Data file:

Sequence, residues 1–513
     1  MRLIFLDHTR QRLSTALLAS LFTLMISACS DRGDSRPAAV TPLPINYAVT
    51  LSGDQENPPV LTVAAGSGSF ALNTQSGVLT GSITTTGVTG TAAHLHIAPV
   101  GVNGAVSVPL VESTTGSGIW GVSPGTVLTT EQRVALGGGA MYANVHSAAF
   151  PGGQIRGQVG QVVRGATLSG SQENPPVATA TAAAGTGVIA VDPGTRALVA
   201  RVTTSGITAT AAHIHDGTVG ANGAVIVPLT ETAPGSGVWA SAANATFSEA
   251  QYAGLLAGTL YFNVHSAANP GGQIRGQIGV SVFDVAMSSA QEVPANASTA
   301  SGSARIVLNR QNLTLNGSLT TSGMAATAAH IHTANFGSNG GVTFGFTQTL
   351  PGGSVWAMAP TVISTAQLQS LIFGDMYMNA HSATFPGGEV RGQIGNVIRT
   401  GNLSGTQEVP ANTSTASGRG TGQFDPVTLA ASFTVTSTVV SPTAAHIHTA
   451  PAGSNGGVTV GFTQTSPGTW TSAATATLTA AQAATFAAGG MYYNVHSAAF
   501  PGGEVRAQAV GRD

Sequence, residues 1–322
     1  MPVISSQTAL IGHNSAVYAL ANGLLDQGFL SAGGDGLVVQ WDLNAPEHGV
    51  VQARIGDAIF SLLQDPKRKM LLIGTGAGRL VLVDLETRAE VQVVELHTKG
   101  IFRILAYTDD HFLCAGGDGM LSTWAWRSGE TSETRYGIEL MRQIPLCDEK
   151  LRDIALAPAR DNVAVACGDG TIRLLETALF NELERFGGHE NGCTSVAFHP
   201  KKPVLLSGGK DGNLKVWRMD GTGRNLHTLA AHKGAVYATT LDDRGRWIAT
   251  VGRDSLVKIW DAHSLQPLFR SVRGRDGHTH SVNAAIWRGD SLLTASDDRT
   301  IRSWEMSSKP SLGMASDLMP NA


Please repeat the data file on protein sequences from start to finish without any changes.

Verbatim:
Sequence, residues 1–513
     1  MRLIFLDHTR QRLSTALLAS LFTLMISACS DRGDSRPAAV TPLPINYAVT
    51  LSGDQENPPV LTVAAGSGSF ALNTQSGVLT GSITTTGVTG TAAHLHIAPV
   101  GVNGAVSVPL VESTTGSGIW GVSPGTVLTT EQRVALGGGA MYANVHSAAF
   151  PGGQIRGQVG QVVRGATLSG SQENPPVATA TAAAGTGVIA VDPGTRALVA
   201  RVTTSGITAT AAHIHDGTVG ANGAVIVPLT ETAPGSGVWA SAANATFSEA
   251  QYAGLLAGTL YFNVHSAANP GGQIRGQIGV SVFDVAMSSA QEVPANASTA
   301  SGSARIVLNR QNLTLNGSLT TSGMAATAAH IHTANFGSNG GVTFGFTQTL
   351  PGGSVWAMAP TVISTAQLQS LIFGDMYMNA HSATFPGGEV RGQIGNVIRT
   401  GNLSGTQEVP ANTSTASGRG TGQFDPVTLA ASFTVTSTVV SPTAAHIHTA
   451  PAGSNGGVTV GFTQTSPGTW TSAATATLTA AQAATFAAGG MYYNVHSAAF
   501  PGGEVRAQAV GRD

Sequence, residues 1–322
     1  MPVISSQTAL IGHNSAVYAL ANGLLDQGFL SAGGDGLVVQ WDLNAPEHGV
    51  VQARIGDAIF SLLQDPKRKM LLIGTGAGRL VLVDLETRAE VQVVELHTKG
   101  IFRILAYTDD HFLCAGGDGM LSTWAWRSGE TSETRYGIEL MRQIPLCDEK
   151  LRDIALAPAR DNVAVACGDG TIRLLETALF NELERFGGHE NGCTSVAFHP
   201  KKPVLLSGGK DGNLKVWRMD GTGRNLHTLA AHKGAVYATT LDDRGRWIAT
   251  VGRDSLVKIW DAHSLQPLFR SVRGRDGHTH SVNAAIWRGD SLLTASDDRT
   301  IRSWEMSSKP SLGMASDLMP NA